Site hosted by Build your free website today!

US Environmental Protection Agency's
National Environmental Justice Advisory Council
Passes "Resolution on Multiple Chemical Sensitivity"

On May 26, 2000, the National Environmental Justice Advisory
Council (NEJAC)
passed a "Resolution on Multiple Chemical

NEJAC is a federal advisory committee that was established by the
U.S. EPA in 1993 to provide independent advice, consultation, and
recommendations to the EPA on matters related to environmental

It is comprised of 25 members representing various stakeholders
including academia; environmental organizations; state, local, and
tribal governments; non-governmental organizations; and industry.

The resolution advised the EPA Administrator to take the following

NEJAC urges EPA to work with other agencies to:

1. Establish disease registries and make MCS a reportable
condition. Investigate and report the prevalence and incidence
of MCS
in minority communities, low income communities and
tribes, especially those heavily impacted by environmental pollutants;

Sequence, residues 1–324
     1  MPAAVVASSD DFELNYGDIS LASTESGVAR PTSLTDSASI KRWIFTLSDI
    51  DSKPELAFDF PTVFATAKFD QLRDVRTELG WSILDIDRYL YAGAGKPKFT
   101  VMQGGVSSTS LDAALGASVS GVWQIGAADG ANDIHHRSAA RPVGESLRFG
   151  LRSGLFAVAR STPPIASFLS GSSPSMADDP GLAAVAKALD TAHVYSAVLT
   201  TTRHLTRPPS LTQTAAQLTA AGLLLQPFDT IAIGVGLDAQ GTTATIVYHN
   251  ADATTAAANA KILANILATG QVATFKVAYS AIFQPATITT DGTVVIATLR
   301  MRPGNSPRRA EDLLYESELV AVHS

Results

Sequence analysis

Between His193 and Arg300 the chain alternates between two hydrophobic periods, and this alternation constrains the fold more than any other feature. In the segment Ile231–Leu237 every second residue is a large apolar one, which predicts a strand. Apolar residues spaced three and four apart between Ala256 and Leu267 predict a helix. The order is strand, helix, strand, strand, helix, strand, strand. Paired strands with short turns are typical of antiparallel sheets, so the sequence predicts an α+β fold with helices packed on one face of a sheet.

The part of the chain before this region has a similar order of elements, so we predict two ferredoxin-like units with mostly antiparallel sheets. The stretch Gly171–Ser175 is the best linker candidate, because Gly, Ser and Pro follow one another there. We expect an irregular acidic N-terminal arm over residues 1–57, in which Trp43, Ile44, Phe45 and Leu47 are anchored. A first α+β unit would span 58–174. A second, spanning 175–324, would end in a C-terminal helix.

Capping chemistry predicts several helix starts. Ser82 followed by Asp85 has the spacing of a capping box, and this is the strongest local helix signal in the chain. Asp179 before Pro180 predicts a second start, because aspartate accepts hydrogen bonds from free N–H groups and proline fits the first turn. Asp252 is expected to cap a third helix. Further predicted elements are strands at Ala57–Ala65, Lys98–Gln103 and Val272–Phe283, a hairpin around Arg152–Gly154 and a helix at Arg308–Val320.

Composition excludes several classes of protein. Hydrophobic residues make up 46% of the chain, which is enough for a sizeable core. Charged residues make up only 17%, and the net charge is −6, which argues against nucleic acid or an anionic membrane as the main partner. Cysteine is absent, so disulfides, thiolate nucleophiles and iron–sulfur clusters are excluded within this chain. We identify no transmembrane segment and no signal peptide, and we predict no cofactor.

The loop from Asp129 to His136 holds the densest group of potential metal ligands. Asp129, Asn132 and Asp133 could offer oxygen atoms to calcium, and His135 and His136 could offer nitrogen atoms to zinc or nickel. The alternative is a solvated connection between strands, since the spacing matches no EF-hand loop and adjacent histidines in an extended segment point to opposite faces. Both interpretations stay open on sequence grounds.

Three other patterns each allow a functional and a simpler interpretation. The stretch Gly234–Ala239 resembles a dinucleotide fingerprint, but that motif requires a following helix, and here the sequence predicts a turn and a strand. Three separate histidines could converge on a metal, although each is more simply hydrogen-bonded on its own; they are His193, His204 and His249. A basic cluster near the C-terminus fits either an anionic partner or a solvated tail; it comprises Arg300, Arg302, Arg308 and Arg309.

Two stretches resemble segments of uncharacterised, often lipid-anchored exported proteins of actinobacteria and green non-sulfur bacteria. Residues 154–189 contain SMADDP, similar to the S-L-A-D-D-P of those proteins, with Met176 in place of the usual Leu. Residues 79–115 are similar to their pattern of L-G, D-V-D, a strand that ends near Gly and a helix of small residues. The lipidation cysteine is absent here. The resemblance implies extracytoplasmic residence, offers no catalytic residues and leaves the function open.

2. Provide funding and programs to support increased
understanding, education and research
that will aid in
identifying causes, diagnosis, treatment, accommodation
and the prevention of MCS

3. Include MCS as a factor when setting standards and
establishing regulations
, especially with regard to multiple
exposures and cumulative effects from environmental

4. Examine existing environmental laws and revise or add
as appropriate to assure protection from chemicals
that cause initial sensitization and those that trigger existing

5. Encourage states and other government and non-government
to take regulatory and voluntary actions, including
notices and restrictions as necessary, to protect individuals with
in the workplace, office, home and in public places;

6. Assure that accurate information on minority and low income
populations is included in the final version of the Interagency
Workgroup report on MCS and other policy documents issued
on the matter of MCS;

7. Establish a fragrance-free policy for meetings and identify
and utilize facilities that actively attempt to reduce and minimize
use of toxic chemicals
, for example, that use non-toxic building
materials, cleaning agents and pest control measures.

For further info on NEJAC, see website: .

Letters and comments may be directed to:

Administrator Carol Browner
USEPA, 1200 Pennsylvania Avenue, NW
Washington, DC 20004.

        ~Updates~     ~~Return to Welcome~~   ~How Can I Help?~